Chris Knipp Writing: Movies, Politics, Art


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PostPosted: Mon Feb 06, 2023 9:45 pm 
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A story from Shyamalan that's exhausting, disturbing, horrible, and stupid

In this movie a little family is on summer holiday at a remote woodsy spot when an odd assortment of people force their way in carrying primitive weapons on the pretext that one of their hosts (two men and a small child) must choose to be killed by the others to avert the apocalypse. We are forced to watch this. It does not end well - for them or for us.

He lost me from the title, because how do you "knock at the cabin"? You knock at (or on) the cabin door. And in this he changed the book source (by Paul Tremblay), which was overly grandiose but was English: "The Cabin at the End of the World." I don't know how faithful this is, or if it can even be considered an adaptation; but it appears to follow the outlines. And those conform to the filmmaker's taste for the supernatural, the haunting, and the apocalyptic. But this is a budget apocalypse, consisting of a few people behaving brutally to each other with the excuse that they've had visions, while some dire things are being reported on the TV news. The movie adheres to the old-fashioned notion that when awful events occur, we'll see it on TV. Many of us did see the Twin Towers flame and crumble on TV; but how we get our information has changed in the ensuing two decades so that TV seems now like a many-layered construct.

Wouldn't it be nice if you would do something, and planes would fall from the sky? No, it would not. It would be awful, and it would also mean you were probably crazy. Only here, the complete craziness turns out to be true - except that, surely it's not. No one seems to have any sense in this movie, not even the two gay husbands, Andrew (Ben Aldridge) and Eric (Jonathan Groff), adoptive parents of sweet little Wen (Kristen Cui), whose only desire is to collect grasshoppers and "observe" them. She falls hostage to the dire visitors, and so do we.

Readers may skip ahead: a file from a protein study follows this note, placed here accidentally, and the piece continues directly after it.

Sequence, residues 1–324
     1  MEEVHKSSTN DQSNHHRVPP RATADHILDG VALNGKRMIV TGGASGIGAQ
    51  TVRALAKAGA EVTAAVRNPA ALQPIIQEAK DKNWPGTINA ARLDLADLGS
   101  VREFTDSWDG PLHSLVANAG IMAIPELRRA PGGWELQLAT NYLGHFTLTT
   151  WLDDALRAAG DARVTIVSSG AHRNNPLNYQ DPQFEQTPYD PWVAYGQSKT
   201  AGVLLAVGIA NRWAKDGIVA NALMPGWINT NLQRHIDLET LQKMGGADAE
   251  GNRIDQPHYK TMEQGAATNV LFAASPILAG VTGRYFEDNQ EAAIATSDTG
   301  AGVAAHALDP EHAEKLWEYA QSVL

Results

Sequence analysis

Shyamalan relies on a number of brief flashbacks to fill us in on the background of this little family: the happy moment of adoption of baby Wen; a violent incident involving one of the men in a bar. This is the maestro's weakest material, because it's not necessary, well developed, or structurally integral. (Or as The New Yorker's witty Anthony Lane says in his review, "Like we care.") The foreground action, however, is compelling, and Shyamalan has lost notneof his manipulative skill. How can we not be fascinated and appalled by Leonard (Dave Bautista), an unshaven tattooed giant, soft spoken, apologetic, who says he is a second grade teacher? (He looks like a WWE superstar, which turns out to be what the actor was in, as it were, civilian life.) With Leonard are a DC line cook, Adriane (Abby Quinn); a recovery nurse, Sabrina (Nikki Amuka-Bird); and Rupert Grint. They have connected on social media (of course!) because they have had "the same visions." Really? Did those visions direct all four of them to this same cabin in rural Pennsylvania? This isn't worked out and doesn't bear examination. We must rely on visions of our own to make sense of it.

The raw, disturbing physical business, which we mustn't, and frankly would rather not, go into, Shyamalan handles well. But we have to put up with the dialogue, which is repetitious, wearisome, and implausible. Worst of all no one says anything particularly intelligent. Frequently what they say is flat-out stupid. Apocalypse is a grand and gloriously awful prospect. If it is not to be seen in on-screen cataclysms à la Roland Emmerich, it at least deserves to be narrated by someone smart and articulate. But that desire is out of place here. These are innocents in the grip of a delusion. We must pity them.

Nonetheless as with any decent "home invasion" story one watches riveted and appalled and stays hooked till there is some relief: till the invaders depart or the invaded are set free. Snyamalan is at his most adept in this manipulation. In this case he also keeps us wanting to know if the world is going to end or not. To do the crazy Four Horsemen (or Horse-persons) and the filmmakers credit, for a while it seems quite like the world is going to end. Otherwise, what would be the point? But what one wants to end is this movie. This may be one of Shyamalan's best films. He remains a popular entertainer who does some things with mastery, but always falls short somewhere.

Knock at the Cabin, 100 mins., released and releases in multiple countries in late January and early February. It opened in US theaters Feb. 3, 2023. Screened for this review at Rialto Cinemas Cerrito, El Cerrito, California, Feb. 6, 2023. Metacritic rating: 63%.

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